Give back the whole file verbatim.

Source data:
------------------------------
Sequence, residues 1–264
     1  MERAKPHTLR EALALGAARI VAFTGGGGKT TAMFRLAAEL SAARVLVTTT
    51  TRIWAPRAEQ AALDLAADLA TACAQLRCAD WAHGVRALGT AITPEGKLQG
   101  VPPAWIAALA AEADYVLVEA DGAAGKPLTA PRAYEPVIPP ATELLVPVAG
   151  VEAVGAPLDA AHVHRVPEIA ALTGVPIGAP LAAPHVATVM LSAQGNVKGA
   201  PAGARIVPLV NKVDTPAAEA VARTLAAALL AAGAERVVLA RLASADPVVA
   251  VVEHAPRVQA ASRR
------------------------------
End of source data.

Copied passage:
Sequence, residues 1–264
     1  MERAKPHTLR EALALGAARI VAFTGGGGKT TAMFRLAAEL SAARVLVTTT
    51  TRIWAPRAEQ AALDLAADLA TACAQLRCAD WAHGVRALGT AITPEGKLQG
   101  VPPAWIAALA AEADYVLVEA DGAAGKPLTA PRAYEPVIPP ATELLVPVAG
   151  VEAVGAPLDA AHVHRVPEIA ALTGVPIGAP LAAPHVATVM LSAQGNVKGA
   201  PAGARIVPLV NKVDTPAAEA VARTLAAALL AAGAERVVLA RLASADPVVA
   251  VVEHAPRVQA ASRR